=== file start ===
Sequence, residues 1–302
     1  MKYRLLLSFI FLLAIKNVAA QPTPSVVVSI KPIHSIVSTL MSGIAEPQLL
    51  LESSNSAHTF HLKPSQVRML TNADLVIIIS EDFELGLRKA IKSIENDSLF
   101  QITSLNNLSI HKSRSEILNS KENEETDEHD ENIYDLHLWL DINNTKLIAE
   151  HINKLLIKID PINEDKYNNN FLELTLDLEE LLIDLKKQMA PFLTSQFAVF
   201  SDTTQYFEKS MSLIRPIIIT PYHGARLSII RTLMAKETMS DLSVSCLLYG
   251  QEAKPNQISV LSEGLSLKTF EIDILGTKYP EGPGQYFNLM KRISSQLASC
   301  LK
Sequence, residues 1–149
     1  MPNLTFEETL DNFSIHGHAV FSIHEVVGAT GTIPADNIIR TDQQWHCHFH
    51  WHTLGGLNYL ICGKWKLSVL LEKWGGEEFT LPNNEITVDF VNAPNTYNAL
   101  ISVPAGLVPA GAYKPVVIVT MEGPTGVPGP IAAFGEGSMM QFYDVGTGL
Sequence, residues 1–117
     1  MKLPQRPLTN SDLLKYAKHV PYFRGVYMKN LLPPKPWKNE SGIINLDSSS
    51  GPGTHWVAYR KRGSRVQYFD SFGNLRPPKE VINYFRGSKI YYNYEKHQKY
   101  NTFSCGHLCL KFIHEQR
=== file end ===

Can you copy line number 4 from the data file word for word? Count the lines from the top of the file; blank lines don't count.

   101  QITSLNNLSI HKSRSEILNS KENEETDEHD ENIYDLHLWL DINNTKLIAE